Mechanisms that make NEOs' orbits chaotic

There are several mechanisms that act on the minor bodies of the solar system, making their orbits chaotic and giving birth to NEOs. These mechanisms can be separated into physical (such as collisions) and dynamical (such as the gravitational action of a nearby planet, or the phenomena of resonances).


A laboratory experiment on fragmentation:
(Courtesy of Ian Giblin, Ph.D Thesis, 1994
The most important of the first group is the physical phenomena of collision, which often happens between the very numerous asteroids that inhabit the main Belt. The physic behind these collisions is very complicated, and the destiny of the fragments produced can be very different: these new fragments can either escape toward a new life, as single asteroids, either give birth to dynamical families of asteroids. Normally, only on very rare occasions these collisions seem to be enough energetic to make asteroids become NEOs.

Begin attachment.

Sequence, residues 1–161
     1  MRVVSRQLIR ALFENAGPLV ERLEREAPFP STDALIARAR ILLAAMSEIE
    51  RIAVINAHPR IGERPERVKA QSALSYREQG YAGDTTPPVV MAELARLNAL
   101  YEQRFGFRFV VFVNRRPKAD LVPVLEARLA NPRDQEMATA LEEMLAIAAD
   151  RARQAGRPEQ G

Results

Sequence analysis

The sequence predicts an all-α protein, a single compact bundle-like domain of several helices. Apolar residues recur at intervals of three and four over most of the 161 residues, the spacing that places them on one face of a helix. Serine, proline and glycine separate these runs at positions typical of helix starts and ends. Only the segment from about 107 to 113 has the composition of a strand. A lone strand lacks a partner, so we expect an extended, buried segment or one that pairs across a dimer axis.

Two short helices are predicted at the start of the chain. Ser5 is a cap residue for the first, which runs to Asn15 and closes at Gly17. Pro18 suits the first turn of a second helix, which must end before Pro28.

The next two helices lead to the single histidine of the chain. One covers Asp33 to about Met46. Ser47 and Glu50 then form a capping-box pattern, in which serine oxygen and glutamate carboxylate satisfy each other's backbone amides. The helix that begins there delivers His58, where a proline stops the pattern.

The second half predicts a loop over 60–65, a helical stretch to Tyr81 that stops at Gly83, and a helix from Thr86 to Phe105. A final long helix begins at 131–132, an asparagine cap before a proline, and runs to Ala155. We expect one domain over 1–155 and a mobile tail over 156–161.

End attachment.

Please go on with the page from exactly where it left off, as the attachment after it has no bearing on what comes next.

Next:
Fly-by of a planet
In normal conditions, the Sun is the main attractor of the solar system, and the orbit of any body of the solar system can therefore be calculated, in a first, very approximated determination, considering the only gravitational attraction of the Sun. The main exception to this approximated law takes place when the body (which can be an asteroid or a comet) comes near another planet. In this case, when the body enters the zone where the attraction of the planet is fundamental (the sphere of influence of the planet) its original orbit is drastically changed.  

Resonance is an additional phenomena which is very efficient in making the orbit change into a chaotic one and its parameters vary. The characteristic timescale are much longer than our lives (millions or hundred of millions of years) but, due to the high number of objects involved, these phenomena are fundamental in the transferring objects from stable to unstable orbits.